# Exercise the Free Dividend Option

Imagine it’s February 19, 2016, and you’ve just retired on your 65^{th} birthday. You’ve worked hard, saved diligently and now have a $1 million portfolio—what you hope will be an adequate nest egg for retirement. You are sitting down with your financial adviser discussing your asset allocation for the next 10 years. And for argument’s sake, let’s assume you can’t change your allocation mix between stocks and bonds for exactly one decade. What percentage will you allocate to stocks and how much to bonds?

Your financial adviser explains that the conventional wisdom suggests having an allocation to stocks equal to 100 minus one’s age. So in this example for a 65-year-old, the equity allocation would be 35%. But, you protest, stocks are risky. And you are risk adverse. Besides, at the end of this hypothetical period you will be 75 years old, so at that point your conventional wisdom stock allocation should only be 25%. So, after careful collaboration with your trusted adviser, in a Solomon-like manner you anticipate where you will be in a decade and decide to allocate 25% to stocks and 75% to bonds today.

To see how this follow-the-conventional-wisdom approach works out, let’s take a look at the math.

To fill your bond allocation, you invest $750,000 in the 10-year Treasury, which yields 1.75% as of February 19, 2016. For your stock allocation, you invest $250,000 in a low cost equity index mutual fund that tracks the S&P 500.

As of the same date, the S&P 500 is at 1,917.78. The operating earnings for 2016 are projected to be about $122, so the index is trading at an estimated P/E ratio of 15.75x (compared to a historical average of 15.5x). On a per share basis, the trailing 12-month dividend payout was just under $45, which represents a dividend yield of 2.34%.

Like a lot of “conservative” investors, you’re fixated on yield to fund your retirement income. So let’s recap: the 10-year Treasury yields 1.75%, and the S&P 500 dividend yield is 2.34%.—a difference of 0.59% (may we round it to 60 basis points?).

In other words, the S&P 500 is paying you 60 basis points more in income annually than the 10-year Treasury. So you effectively get 10 years of earnings growth, dividend growth and potential for capital appreciation…for free. But what about the risk of stocks declining over the next 10 years? Let’s examine the historical record.

Looking at all 10-year rolling periods from 1950 to 2015 from the chart below, the lowest average annual total return for the S&P 500 over any 10-year period was -1%. And the best average annual return for any 10-year period was 19%.

If you extend the analysis to 20-year periods, which is much more representative of a typical retirement period, the lowest average annual return is *positive* 7%, and the best average annual return is 17%. In fact, there has never been any 20-year period in the postwar era that has experienced losses. While this is no guarantee of future returns, it demonstrates the importance of specifying the right time horizon to minimize portfolio risk.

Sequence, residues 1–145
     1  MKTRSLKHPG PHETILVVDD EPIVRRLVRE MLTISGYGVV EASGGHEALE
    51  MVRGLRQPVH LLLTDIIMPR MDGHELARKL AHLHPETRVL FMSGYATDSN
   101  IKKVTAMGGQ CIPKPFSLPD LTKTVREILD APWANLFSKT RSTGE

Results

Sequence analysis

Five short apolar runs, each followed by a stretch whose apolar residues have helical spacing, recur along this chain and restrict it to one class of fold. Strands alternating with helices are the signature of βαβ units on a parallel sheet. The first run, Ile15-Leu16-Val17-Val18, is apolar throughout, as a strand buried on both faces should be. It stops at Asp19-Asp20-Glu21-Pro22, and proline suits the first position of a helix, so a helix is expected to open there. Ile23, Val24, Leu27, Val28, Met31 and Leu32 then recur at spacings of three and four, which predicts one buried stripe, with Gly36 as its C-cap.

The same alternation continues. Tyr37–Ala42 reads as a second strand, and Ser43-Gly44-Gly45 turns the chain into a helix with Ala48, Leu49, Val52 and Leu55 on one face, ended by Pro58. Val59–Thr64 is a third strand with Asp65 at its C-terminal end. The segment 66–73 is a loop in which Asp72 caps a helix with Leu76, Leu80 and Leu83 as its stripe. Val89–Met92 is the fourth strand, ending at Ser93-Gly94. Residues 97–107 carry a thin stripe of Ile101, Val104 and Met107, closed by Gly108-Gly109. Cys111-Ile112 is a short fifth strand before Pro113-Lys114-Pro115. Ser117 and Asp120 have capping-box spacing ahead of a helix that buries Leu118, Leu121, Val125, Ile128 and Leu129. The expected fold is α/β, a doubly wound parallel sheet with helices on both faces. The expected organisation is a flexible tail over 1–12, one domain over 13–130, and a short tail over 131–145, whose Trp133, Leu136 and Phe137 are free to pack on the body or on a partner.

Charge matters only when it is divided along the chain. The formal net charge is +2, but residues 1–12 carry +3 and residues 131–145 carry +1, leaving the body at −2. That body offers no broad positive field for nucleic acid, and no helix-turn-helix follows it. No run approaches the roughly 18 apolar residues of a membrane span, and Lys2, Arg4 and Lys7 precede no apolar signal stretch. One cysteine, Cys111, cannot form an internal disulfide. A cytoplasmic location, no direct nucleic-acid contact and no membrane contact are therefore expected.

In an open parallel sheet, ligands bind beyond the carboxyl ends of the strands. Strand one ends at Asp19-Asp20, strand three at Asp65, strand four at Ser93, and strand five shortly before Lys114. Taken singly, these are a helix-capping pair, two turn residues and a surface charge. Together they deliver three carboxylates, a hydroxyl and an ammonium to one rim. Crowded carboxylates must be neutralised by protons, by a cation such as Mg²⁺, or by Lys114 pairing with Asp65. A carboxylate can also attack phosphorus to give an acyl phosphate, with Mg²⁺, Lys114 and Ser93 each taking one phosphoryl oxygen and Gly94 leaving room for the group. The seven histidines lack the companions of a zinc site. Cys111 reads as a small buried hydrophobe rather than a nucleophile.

In fact, the average annual return for stocks and bonds over this 65-year period was 11.1% and 6% respectively. At these compounded rates of returns over a 20-year period, $100,000 will grow to $817,926 invested in stocks and only $321,863 if invested in bonds—a difference of 154%.

And one would think that the tradeoff for access to this type of premium return would at least be a lower current yield. But, at today’s level, even that is not true. There is nothing to give up or pay in terms of yield sacrifice. As an investor in stocks, you get to have your cake and eat it too.

So now to come full circle on the math. But for ease of comparison, let’s give you a mulligan and assume that the $1 million portfolio was initially allocated in equal 50% portions to bonds and stocks.

In dollar terms, the $500,000 invested in the 10-year Treasury at 1.75% will generate a fixed income of $8,750 in the first year, and every year thereafter, for a total of $87,500 over the decade.

The $500,000 invested in equities will yield $11,700 in the first year alone. If history is any guide, the initial S&P 500 dividend of $45 per share will grow at 5% per year to about $73 at the end of the 10-year period. On this basis, the dividend income in year 10 would be equivalent to about $19,000 [$73 dividend in year 10 / 1,917 initial S&P price = 3.8% dividend yield x $500,000 initial investment]. Even if dividends were frozen at the first year level, you still would have $117,000 in cumulative dividend income over the decade—one-third more than the total income from the 10-year Treasury.

In summary: stocks currently yield *more* than the 10-year Treasury, dividends grow over time while interest income is fixed to a bond’s coupon level, and over 10 to 20-year time horizons, the historical evidence suggests that stocks nearly always appreciate in value. Since our starting point today is with stocks valued dead in line with their historical multiples (P/E of 15.75x estimated earnings compared to long-term historical average of 15.5x), there is no rational basis to believe that this time will be different.

Given the choice between stocks and bonds, and since stocks currently yield more than the 10-year Treasury, why not exercise the free option on 10 years of earnings growth, dividend growth and capital appreciation by owning equities?